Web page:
This API uses the {restaurant_id} to retrieve and return the order details in the response. The attacker can input any {restaurant_id} in the url which is the object id in this case and send a request. The developer might have forgotten to check if the attacker is authorized to access the details of the restaurant. In that case, the attacker gets unauthorized access to any restaurant’s order delivery and revenue details.

A recent example of BOLA where Object ID was manipulated to exploit the vulnerability is of Florida state tax’s website.

Test for BOLA using Akto's API Security testing library

Our customers love us for our proactive approach and world class API Security test templates. Try Akto's test library yourself in our testing playground. Play with the default test or add your own.

Why should you care?

The successful exploitation of BOLA can lead to unauthorized access to user's data, data loss or data manipulation. If the authorization is missing from critical endpoints such as forgot password endpoint, it could lead to a full account takeover. 

Imagine an attacker is able to retrieve critical details of users such as SSN, credit card information or Address. Attacker can use leaked credit card details leading to potential financial loss.

How to prevent broken object level authorization?

  1. Implement clean and robust authorization - All your APIs and users should go through an authorization layer. This mechanism should be implemented in 1 place for all the APIs. Most of the companies think authentication is enough to prevent BOLA attacks. In reality, authentication just checks if the user is signed up on your platform or not. Why clean? More often than not, business priorities change and you will be asked to add/remove permissions for some APIs or users. At this time, the developers should be able to understand the current auth mechanism easily. Rules like /user/* require authorization check using session token, or api/* require authorization check using api-key, /admin/* require user to be an admin are very useful.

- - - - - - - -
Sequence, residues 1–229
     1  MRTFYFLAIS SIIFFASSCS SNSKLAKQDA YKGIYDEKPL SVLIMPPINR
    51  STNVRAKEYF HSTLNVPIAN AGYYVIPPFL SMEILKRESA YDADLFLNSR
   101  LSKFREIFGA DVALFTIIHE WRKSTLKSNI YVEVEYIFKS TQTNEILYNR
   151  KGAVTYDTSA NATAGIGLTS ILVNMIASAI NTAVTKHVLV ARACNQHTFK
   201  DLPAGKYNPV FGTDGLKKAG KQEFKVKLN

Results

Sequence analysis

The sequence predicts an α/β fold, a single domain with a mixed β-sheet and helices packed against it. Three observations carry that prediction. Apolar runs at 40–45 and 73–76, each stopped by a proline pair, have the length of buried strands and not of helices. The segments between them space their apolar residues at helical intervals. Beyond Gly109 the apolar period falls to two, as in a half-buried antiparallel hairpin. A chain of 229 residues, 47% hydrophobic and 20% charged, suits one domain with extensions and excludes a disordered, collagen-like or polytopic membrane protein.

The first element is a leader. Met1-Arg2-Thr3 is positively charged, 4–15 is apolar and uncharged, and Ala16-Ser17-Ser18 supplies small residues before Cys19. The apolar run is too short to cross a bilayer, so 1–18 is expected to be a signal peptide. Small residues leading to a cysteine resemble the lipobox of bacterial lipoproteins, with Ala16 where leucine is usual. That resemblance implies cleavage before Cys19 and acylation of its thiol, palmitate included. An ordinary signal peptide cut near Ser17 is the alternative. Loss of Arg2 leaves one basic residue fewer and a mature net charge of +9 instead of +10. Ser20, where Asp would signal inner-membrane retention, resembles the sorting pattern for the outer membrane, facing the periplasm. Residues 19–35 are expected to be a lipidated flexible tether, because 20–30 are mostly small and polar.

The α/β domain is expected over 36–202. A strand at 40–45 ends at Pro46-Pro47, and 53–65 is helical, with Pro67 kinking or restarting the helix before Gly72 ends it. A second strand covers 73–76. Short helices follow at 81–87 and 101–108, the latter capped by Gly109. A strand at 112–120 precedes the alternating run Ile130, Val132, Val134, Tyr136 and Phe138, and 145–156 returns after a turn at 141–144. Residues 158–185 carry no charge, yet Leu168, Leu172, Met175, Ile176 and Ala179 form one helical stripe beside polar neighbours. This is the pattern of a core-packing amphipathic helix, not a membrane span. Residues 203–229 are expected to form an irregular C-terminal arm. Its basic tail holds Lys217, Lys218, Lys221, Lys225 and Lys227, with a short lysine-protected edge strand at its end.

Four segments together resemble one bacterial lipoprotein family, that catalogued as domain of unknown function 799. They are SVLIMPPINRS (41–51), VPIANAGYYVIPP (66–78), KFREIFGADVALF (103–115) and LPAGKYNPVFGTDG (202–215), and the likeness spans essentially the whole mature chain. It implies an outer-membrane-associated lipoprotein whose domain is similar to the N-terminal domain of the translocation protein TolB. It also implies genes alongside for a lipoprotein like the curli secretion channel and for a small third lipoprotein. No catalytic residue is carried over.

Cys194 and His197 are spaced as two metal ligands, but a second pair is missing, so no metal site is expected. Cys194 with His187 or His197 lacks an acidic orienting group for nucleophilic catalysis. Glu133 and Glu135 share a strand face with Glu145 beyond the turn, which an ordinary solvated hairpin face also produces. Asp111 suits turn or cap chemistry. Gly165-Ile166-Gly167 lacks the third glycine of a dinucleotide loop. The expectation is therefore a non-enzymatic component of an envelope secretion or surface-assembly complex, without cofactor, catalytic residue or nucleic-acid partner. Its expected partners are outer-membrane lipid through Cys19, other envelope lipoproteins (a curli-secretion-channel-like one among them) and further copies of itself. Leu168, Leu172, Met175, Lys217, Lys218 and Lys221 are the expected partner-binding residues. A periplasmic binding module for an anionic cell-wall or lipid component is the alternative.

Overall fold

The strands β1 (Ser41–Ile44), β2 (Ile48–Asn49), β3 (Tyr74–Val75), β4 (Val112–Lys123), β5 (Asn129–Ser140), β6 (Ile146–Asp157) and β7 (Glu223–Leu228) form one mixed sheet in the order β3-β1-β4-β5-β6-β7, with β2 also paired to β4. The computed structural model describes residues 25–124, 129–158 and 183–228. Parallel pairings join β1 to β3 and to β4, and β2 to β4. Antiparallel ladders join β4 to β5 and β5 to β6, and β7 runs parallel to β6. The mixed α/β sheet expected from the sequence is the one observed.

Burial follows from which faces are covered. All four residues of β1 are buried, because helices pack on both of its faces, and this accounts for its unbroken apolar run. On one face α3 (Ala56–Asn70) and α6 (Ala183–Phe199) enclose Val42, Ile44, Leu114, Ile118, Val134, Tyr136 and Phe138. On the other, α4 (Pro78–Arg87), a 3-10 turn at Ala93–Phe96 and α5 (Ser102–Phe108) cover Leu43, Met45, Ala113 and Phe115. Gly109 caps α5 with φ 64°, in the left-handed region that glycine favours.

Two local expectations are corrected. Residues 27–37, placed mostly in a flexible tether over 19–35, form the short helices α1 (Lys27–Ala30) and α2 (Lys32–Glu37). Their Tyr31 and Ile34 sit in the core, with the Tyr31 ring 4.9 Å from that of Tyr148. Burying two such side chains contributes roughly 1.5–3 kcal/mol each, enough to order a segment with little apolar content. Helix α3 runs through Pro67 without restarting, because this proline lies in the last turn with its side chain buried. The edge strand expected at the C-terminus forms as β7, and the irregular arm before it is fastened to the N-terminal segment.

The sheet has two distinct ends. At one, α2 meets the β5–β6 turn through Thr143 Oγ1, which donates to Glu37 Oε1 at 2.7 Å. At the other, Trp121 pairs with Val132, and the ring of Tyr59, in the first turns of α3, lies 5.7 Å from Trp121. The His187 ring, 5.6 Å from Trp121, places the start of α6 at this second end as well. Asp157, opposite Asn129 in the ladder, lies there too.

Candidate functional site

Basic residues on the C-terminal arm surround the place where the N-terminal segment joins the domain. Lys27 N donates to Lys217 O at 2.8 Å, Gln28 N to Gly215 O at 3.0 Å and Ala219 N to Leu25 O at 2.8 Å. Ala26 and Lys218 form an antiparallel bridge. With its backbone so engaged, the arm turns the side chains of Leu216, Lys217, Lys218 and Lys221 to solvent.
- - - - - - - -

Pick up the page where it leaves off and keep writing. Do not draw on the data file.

2. Use secured random UUIDs - Your resource IDs or user IDs shouldn't be guessable - for example, they shouldn't be incremental in nature, or should not be a function or just timestamp. A large unique & securely generated random ID is very hard to guess. The attacker will have to hit and try a lot of values before he lands on a correct one. By this time, either firewall would block or he runs out of resources or it takes a lot of months for the attacker. 

  3. Continuous Business Logic Security Testing - All your pages and APIs should be checked against BOLA attacks in your CI/CD pipeline. This is arguably the most effective way, but only a handful of tools can understand your business logic and test your APIs for BOLA attacks. Use continuous API security testing tool to do this.

Follow us for more updates

Follow us for more updates

Follow us for more updates

Want to ask something?

Our community offers a network of support and resources. You can ask any question there and will get a reply in 24 hours.

Want to ask something?

Our community offers a network of support and resources. You can ask any question there and will get a reply in 24 hours.

Want to ask something?

Our community offers a network of support and resources. You can ask any question there and will get a reply in 24 hours.

Table of contents